Hooked on Grand Manan; island resident prepares for upcoming art gallery show

GRAND MANAN – A pesky sister got Marg Currie into hooking rugs. “It was at the start of the pandemic,” Currie says. “My sister sent me a kit by Deanne Fitzgerald she has a business out of Nova Scotia. She said, ‘Here, I want you to try this. It really helped me.’ My sister,” Currie continues, “was going through some health things and rug hooking kept her grounded.

“But then she kept calling and asking me how it was going. Every time I picked it [the project] up, I felt overwhelmed,” Currie explains. But guilt got Currie to complete the rug and she says, “Once it was finished, I was in love.”

Currie found that she couldn’t stop hooking. Pretty soon she graduated from kits to finding photos of Grand Manan and New Brunswick that inspired her, drawing them on burlap, and hooking them in wools of vivid colours. In June, Currie will have a show at the Grand Manan Art Gallery with 32 larger works of up to four feet each, and a number of smaller of pieces.

The works testify to Currie’s love of painting and photography. “I’m not very good at either one,” she says, “but rug hooking marries the two together.” She calls her scenes very “painterly.” They capture parts of the Grand Manan environment, such as the Seal Cove sheds, lobsters, puffins, whales, laundry on a clothesline, and an abandoned house.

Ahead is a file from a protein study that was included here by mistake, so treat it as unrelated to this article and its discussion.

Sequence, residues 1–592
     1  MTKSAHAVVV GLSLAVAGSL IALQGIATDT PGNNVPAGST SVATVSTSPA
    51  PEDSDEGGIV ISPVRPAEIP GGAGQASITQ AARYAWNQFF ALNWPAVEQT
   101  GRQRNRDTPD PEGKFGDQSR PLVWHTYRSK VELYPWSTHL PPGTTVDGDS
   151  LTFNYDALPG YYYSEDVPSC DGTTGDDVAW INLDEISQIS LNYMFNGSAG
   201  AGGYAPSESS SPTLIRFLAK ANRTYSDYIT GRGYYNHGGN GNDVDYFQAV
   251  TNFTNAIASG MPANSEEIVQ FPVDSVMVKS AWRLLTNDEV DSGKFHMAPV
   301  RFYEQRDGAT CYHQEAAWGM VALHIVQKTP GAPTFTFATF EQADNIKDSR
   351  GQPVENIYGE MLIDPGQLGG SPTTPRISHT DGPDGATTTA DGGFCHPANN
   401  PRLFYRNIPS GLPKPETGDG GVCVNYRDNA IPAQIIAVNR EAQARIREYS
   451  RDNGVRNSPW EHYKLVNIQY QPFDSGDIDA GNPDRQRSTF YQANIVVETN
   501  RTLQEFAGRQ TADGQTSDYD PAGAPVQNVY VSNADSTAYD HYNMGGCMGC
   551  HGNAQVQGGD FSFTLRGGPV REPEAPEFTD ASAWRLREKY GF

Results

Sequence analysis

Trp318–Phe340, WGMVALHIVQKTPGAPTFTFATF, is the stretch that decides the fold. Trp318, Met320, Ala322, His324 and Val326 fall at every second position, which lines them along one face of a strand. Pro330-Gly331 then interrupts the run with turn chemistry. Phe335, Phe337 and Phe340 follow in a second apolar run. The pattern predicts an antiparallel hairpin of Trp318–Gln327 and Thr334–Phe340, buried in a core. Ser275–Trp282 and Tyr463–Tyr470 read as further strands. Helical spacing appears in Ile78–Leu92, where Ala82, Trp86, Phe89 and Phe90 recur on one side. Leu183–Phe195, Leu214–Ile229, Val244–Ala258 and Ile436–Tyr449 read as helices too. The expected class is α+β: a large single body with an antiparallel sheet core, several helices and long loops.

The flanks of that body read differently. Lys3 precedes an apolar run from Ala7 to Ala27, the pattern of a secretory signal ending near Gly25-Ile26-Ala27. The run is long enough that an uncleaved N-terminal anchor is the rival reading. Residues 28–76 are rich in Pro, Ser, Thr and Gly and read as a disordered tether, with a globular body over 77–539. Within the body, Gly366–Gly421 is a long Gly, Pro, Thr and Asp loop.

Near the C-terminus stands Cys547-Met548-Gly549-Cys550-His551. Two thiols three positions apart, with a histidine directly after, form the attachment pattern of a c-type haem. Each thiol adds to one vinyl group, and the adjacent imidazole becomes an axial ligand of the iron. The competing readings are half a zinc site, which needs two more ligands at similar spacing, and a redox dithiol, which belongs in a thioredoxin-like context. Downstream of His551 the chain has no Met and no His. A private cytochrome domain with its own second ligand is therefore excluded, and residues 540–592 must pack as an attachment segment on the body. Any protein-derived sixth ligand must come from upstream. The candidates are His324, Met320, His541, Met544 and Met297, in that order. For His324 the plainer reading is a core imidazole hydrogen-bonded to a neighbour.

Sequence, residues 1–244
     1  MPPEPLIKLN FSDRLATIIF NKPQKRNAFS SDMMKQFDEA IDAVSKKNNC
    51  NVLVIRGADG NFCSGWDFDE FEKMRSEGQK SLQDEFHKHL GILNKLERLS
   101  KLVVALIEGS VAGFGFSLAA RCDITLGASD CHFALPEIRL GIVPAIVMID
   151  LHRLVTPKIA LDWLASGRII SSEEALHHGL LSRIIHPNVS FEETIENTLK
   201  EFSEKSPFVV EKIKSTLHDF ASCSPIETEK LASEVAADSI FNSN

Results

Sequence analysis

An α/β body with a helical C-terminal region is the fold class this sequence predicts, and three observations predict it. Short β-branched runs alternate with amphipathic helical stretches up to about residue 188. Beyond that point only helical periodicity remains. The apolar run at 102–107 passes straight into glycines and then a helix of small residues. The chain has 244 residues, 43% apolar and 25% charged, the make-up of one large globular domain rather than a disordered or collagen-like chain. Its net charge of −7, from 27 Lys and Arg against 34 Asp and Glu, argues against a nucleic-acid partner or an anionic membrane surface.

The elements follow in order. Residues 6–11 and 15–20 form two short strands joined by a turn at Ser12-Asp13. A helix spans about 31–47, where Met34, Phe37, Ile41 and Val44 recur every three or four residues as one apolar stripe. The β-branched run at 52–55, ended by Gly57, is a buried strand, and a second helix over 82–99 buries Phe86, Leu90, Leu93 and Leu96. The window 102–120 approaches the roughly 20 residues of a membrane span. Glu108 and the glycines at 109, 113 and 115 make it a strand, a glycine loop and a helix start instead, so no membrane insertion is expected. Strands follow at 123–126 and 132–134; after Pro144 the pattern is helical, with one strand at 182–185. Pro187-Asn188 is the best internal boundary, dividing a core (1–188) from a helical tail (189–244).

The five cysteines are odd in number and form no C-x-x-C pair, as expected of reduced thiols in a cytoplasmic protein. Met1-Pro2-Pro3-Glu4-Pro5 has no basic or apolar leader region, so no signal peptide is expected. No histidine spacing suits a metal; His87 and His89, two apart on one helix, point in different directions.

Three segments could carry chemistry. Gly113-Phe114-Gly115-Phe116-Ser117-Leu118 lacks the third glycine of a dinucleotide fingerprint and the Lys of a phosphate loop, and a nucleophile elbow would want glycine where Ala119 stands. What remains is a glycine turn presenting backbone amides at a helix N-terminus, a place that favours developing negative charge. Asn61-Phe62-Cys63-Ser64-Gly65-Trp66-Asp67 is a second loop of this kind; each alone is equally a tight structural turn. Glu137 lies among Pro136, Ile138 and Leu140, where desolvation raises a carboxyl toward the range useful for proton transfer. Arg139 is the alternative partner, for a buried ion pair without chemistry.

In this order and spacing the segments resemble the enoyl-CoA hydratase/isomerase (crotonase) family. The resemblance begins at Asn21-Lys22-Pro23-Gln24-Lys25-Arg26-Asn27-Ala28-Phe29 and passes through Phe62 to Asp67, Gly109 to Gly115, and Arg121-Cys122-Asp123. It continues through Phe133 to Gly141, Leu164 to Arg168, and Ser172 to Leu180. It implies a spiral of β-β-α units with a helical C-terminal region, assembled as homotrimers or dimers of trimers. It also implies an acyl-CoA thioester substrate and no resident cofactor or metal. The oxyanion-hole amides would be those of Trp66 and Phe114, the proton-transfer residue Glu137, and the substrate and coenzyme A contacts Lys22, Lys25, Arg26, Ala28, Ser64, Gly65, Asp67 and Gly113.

Currie, born and raised in New Brunswick, was happy to retire to Grand Manan a few years ago. She finds inspiration everywhere on the island. “I took my dogs for a walk on the beach, and here when you walk on the beach when the tide’s out, you walk on the ocean floor,” Currie says of the inspiration for a piece called Tidal Waters.

“Something caught my eye. I loved the colours and the flow of it,” she said of the rug.

Sometimes she’ll put a call out for particular photos, and then quite soon after a rug appears of people on the beach collecting periwinkles, titled Winkle Tide. Other times the rugs tell a story. “Anniversary Bouquet is one I made from a memory,” Currie says. “My father, every wedding anniversary, would take an old rubber boot and pick some wild roses on Parlee Beach where I spent my summers growing-up. Then he’d present it to my mother,” Currie recalls.

“That’s a nice memory,” she says. “The kids used to go down to the beach with my dad.”

A ghost, the genesis for a rug called Old Della, is based on her belief “we might have a ghost. One of the islanders came by when I mentioned it on Facebook. She came out and told me,” Currie says, “about her grandmother who lived down around here. I decided to do a rug of Della.” Currie admits “she [the ghost] gets into a bit of trouble, but she’s welcome here.”

For future work, Currie is hoping to work on photographs of historical scenes and plans to spend part of her summer beside her pool, hooking a rug of “men in a dory.”